But efforts to amend homestead exemptions draw fire from bankruptcy experts and states' rights advocates.
When Burt Reynolds declared bankruptcy in 1996, there was one thing his creditors couldn't touch: Valhalla, his $2.5-million estate in Hobe Sound.
Despite debts of about $10-million, the actor was able to take advantage of Florida's liberal bankruptcy laws allowing him to keep his luxury home while paying his creditors a fraction of what they were owed.
That did not sit too well with some members of the U.S. Senate.
"We are fans of his movies . . . but we have to say that in this case he is making out much like his title role in Smokey and the Bandit," read a 1998 conference report accompanying a failed attempt at a bankruptcy law overhaul.
Now a new bankruptcy bill in Congress may change Florida's reputation as a debtor's haven by making some filers give up their homes.
Last year, there were 71,284 personal bankruptcy filings in Florida, second in the nation only to California. Florida's total represented almost 6 percent of the 1.2-million personal bankruptcy filings nationwide in 2000, according to the American Bankruptcy Institute.
Currently, Florida and four other states _ Iowa, Kansas, South Dakota and Texas _ allow an unlimited homestead exemption, which debtors can use to keep their homes' value out of the reach of creditors in bankruptcy court.
In Florida, the amount of property is limited to a half-acre within a city's limits, or as much as 160 acres in the country.
That has resulted in what some regard as high-profile abuses of the system in Florida. Among them: Former corporate raider Paul Bilzerian, convicted of securities fraud, has kept his 10-bedroom mansion despite filing twice for bankruptcy protection.
Other examples include former baseball commissioner Bowie Kuhn, who moved into and kept a $1-million home in Ponte Vedra Beach after his New Jersey law firm went under in 1990, and Marvin Warner, a one-time ambassador to Switzerland who bought a horse farm near Ocala while seeking protection from creditors after his Ohio bank failed.
"The average citizen's sense of fair play is probably insulted when someone who has a million dollar home declares bankruptcy and that's one of the assets that they're able to keep," said Kathy Bartlett, a spokeswoman with the Florida Bankers Association, which supports the federal bankruptcy legislation.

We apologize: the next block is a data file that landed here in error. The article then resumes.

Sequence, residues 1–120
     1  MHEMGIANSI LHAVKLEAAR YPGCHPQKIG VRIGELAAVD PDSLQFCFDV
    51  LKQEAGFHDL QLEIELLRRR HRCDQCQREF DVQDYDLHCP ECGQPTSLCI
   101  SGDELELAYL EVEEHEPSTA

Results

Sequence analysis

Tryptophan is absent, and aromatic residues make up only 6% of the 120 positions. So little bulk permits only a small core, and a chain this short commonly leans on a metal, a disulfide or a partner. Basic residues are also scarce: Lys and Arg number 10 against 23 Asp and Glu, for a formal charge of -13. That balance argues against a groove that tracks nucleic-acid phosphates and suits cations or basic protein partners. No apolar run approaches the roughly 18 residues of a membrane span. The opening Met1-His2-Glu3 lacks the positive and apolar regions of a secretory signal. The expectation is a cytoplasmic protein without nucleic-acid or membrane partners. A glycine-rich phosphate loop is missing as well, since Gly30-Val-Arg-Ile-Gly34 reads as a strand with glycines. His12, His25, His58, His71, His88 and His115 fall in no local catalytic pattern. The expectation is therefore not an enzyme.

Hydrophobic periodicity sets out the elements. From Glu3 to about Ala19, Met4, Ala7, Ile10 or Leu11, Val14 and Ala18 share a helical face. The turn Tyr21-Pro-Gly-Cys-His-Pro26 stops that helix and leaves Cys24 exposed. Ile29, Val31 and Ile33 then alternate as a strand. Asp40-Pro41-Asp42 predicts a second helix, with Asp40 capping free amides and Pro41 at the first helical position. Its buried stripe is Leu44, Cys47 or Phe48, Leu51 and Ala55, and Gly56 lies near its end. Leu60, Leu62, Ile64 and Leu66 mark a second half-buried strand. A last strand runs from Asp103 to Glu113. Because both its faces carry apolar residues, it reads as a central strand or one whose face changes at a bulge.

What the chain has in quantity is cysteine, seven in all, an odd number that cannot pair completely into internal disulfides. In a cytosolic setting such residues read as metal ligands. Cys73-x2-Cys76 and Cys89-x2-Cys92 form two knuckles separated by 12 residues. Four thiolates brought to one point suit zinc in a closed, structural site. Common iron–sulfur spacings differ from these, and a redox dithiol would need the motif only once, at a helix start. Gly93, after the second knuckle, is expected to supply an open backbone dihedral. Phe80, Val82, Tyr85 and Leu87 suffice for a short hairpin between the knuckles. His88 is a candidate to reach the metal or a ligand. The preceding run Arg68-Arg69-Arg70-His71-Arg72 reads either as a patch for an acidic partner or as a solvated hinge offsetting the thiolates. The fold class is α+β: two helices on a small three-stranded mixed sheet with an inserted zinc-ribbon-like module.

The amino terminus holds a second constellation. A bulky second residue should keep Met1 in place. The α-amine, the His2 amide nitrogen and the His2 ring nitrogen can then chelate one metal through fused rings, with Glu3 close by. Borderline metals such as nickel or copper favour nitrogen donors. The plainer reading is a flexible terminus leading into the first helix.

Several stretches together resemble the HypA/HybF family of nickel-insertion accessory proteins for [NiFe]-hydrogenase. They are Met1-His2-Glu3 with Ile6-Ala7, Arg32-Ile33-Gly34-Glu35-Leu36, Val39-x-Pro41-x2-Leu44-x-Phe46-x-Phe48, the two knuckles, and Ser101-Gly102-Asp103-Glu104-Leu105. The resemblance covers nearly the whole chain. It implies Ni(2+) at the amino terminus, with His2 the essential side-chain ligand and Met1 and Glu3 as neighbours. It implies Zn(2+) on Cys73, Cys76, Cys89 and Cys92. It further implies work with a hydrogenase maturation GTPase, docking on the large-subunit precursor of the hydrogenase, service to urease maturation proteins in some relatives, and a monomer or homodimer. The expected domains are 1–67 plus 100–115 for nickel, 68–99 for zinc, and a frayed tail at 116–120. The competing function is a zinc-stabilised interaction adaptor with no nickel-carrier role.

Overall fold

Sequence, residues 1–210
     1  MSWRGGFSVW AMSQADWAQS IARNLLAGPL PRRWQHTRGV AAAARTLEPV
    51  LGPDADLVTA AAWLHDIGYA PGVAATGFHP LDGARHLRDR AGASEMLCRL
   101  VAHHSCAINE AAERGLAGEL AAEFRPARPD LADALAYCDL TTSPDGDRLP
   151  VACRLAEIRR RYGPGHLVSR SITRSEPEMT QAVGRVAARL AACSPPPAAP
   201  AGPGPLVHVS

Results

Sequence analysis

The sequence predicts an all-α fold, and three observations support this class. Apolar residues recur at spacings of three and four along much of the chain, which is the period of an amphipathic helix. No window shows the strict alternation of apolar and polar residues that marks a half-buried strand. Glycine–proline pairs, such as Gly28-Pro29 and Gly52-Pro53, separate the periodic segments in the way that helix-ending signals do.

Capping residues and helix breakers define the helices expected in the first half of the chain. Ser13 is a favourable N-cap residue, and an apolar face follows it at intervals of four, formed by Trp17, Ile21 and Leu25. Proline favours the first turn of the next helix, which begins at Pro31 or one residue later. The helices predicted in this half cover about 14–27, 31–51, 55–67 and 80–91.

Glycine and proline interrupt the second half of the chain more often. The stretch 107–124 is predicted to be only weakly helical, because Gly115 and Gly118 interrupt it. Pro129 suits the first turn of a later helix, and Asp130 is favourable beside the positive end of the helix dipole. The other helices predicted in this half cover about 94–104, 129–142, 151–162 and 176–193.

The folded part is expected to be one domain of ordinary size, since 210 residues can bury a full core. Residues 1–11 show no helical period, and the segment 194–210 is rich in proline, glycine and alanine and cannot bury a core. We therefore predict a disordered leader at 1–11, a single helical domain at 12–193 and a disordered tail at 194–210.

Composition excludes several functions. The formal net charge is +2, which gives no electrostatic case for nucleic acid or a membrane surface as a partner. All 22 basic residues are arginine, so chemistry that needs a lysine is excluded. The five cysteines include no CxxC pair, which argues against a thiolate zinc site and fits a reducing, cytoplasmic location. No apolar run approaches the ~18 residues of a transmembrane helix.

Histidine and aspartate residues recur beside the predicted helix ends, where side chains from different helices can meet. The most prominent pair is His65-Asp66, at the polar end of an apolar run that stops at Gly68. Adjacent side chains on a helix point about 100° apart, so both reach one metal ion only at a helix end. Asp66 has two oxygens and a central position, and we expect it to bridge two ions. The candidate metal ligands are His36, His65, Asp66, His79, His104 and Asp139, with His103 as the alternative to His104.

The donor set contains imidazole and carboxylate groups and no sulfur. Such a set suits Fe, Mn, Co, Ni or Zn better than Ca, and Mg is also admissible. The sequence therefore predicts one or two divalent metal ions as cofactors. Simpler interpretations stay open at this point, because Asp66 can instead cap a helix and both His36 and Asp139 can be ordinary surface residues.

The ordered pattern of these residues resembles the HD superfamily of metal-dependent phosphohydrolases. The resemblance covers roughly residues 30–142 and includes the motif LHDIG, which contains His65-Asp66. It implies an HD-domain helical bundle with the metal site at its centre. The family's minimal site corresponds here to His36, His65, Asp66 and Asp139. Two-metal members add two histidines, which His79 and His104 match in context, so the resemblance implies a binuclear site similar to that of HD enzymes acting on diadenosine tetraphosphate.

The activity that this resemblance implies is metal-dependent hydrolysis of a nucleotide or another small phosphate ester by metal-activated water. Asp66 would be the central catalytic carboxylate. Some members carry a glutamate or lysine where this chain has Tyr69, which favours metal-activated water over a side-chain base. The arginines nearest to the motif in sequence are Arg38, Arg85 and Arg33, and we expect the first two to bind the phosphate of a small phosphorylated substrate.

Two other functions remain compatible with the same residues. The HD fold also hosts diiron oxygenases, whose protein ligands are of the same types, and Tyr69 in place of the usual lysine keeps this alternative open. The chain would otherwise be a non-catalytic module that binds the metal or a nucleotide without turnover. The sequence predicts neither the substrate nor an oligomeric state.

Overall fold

The Senate passed a bill Thursday that would overhaul bankruptcy laws two weeks after the House passed its own version.
Before the bill's Senate passage, Sen. Herb Kohl, D-Wis., introduced an amendment allowing debtors to keep no more than $125,000 of the equity in their homes. According to Kohl, congressional investigators have found that about 400 homeowners in Florida and Texas, all with more than $100,000 in home equity, profit from the exemption each year.
"And while they continue to live in luxury, they write off an estimated $120-million owed to honest creditors," Kohl said.
The House version also would amend homestead exemptions such as Florida's, but in a different way. Instead of capping home equity, it would require debtors to live in their home for at least two years before filing or else lose their exemption. Such a provision might discourage a debtor from making a last-minute home purchase to shield his assets.
President Bush opposes national caps on homestead exemptions but has signaled he would sign bankruptcy legislation.
Lawmakers in states that have the homestead exemption also oppose efforts to limit it. Sen. Bob Graham, D-Fla., said Kohl's provision "would threaten homeownership for millions of American families." And Sen. Kay Bailey Hutchison, R-Texas, contends it would threaten a 130-year-old right of the states.
Neither Reynolds' attorney, publicist nor manager would comment Monday.
Some bankruptcy experts say the crackdown on homestead exemptions will not accomplish much.
"There's something that runs very contrary to a sense of fairness for someone to go through bankruptcy and retain a multimillion dollar house, but it happens very, very rarely," said Tampa bankruptcy lawyer William Zewadski. He estimated the exemption is an issue in less than 1 percent of the cases he has handled.
"But when it happens, it often results in color pictures on the front page of the paper," Zewadski said.
Retired federal Bankruptcy Judge Alexander Paskay in Tampa decried Kohl's use of "anecdotal horror stories" such as that of Reynolds.
"This is a gross overreaction," said Paskay, a 38-year veteran of the bankruptcy court who still hears cases as needed. "There's no practical reality to this thing."
Sam Gerdano, executive director of the American Bankruptcy Institute, a non-profit research group, said there is some doubt a federal law can trump what is written into a state's constitution, as Florida's homestead exemption is.
_ Times staff writer Scott Barancik contributed to this report.